This is a quite visionary joining of art and science:
University of Georgia doctoral student Uma Nagendra flipped and twisted her way to the top prize in the seventh annual Dance Your Ph.D. contest for her video explaining biology research through an aerial dance performance.
The contest, sponsored by Science Magazine, the Association of the Advancement of Science and HighWire Press, challenged scientists around the world to explain their Ph.D. research through the art form of dance. Nagendra's video was chosen from 12 finalists as the overall winner by an expert panel of scientists and artists. Her video also won first place in the biology category.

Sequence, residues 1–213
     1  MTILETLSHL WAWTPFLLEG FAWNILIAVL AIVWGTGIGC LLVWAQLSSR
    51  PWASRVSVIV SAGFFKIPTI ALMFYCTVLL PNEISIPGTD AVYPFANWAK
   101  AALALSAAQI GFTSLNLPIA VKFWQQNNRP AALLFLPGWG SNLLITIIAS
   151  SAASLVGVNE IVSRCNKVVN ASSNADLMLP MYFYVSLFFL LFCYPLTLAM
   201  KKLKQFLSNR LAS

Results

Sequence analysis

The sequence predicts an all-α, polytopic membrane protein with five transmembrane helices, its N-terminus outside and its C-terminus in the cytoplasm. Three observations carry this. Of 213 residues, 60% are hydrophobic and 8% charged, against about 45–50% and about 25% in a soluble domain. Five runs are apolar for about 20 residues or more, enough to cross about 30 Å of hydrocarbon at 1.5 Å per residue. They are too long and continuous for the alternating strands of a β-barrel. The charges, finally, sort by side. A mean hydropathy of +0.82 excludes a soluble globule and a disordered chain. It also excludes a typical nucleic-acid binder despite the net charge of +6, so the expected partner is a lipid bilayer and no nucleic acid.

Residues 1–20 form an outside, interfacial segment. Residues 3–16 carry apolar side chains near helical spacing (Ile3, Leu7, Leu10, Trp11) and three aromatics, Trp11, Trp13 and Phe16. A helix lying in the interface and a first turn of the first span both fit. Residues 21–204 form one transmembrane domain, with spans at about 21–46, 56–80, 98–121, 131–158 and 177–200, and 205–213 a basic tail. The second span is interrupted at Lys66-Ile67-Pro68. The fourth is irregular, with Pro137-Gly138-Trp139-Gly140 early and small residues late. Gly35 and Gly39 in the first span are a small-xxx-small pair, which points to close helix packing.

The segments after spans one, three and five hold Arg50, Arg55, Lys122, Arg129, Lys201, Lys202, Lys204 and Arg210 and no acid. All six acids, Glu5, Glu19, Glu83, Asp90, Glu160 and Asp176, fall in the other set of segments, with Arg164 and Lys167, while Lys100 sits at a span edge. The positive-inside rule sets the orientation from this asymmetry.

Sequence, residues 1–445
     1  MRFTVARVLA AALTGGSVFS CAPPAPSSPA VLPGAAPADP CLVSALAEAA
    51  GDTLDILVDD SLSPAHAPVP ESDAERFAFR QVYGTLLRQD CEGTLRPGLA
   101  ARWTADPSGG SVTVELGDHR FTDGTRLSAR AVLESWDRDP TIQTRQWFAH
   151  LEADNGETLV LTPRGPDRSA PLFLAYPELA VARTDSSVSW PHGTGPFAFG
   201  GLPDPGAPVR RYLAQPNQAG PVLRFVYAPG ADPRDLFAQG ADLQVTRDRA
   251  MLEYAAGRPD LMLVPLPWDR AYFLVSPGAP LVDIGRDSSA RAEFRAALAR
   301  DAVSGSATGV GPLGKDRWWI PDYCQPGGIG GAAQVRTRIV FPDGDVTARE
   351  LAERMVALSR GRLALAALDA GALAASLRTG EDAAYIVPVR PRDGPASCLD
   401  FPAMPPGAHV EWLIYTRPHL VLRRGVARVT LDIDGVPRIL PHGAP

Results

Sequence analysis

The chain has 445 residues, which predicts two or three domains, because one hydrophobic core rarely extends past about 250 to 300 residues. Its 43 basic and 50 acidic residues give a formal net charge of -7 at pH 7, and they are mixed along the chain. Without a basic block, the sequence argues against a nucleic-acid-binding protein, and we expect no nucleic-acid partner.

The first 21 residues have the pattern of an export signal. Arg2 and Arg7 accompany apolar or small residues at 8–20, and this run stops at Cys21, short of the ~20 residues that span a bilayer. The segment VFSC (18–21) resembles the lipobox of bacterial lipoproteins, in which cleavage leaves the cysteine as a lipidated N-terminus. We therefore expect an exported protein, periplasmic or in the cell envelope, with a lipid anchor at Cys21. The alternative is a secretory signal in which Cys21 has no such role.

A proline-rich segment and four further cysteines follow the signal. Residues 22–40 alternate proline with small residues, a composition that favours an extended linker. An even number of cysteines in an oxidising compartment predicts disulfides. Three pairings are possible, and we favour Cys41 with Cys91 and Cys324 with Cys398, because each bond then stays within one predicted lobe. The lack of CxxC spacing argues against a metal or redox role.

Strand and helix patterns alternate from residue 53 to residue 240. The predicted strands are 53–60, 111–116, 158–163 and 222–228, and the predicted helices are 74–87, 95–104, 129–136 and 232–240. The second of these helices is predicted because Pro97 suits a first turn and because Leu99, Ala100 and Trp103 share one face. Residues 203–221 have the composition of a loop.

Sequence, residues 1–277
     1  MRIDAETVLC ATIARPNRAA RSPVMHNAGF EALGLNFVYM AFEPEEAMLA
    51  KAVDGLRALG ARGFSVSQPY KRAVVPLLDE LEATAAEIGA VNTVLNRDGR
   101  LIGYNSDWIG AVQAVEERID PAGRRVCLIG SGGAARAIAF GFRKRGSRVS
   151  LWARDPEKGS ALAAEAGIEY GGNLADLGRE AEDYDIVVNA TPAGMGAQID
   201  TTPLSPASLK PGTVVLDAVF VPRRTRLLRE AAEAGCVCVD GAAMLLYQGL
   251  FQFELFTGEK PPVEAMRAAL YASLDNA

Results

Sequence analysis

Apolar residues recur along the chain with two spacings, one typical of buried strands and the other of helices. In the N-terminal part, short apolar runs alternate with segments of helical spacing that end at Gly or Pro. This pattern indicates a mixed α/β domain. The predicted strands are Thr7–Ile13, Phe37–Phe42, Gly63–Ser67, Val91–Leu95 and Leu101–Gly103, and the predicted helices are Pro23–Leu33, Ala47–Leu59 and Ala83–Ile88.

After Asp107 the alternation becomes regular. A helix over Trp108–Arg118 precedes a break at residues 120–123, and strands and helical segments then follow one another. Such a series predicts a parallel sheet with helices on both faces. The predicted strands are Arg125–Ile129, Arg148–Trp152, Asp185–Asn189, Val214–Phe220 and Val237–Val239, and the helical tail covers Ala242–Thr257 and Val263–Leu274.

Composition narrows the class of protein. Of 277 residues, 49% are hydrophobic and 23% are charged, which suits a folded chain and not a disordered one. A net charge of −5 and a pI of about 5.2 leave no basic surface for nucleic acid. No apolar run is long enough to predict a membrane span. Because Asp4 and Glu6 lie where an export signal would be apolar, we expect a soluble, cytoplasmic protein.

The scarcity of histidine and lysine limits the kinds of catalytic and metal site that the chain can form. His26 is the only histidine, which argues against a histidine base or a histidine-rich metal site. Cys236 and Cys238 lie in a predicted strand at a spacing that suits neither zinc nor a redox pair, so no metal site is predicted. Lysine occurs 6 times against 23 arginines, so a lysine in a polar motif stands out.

Nagendra, a student in the Franklin College of Arts and Sciences department of plant biology, studies how forests regenerate after severe disturbances like tornadoes.
n 2005, Nagendra's home city of New Orleans was devastated by Hurricane Katrina. This piqued her interest in studying how the natural world recovers from disasters. Nagendra began her doctorate at UGA in 2011 and set out to research tornadoes, a more readily occurring disaster.
Nagendra attended the New Orleans Center for Creative Arts part time as a high school student but later shifted her attention to science as an undergraduate at Swarthmore College.
"From the moment I first saw a Dance Your Ph.D. video, I knew I would enter the contest someday," she said. "I really think that art can help communicate scientific ideas and fuel creative thinking."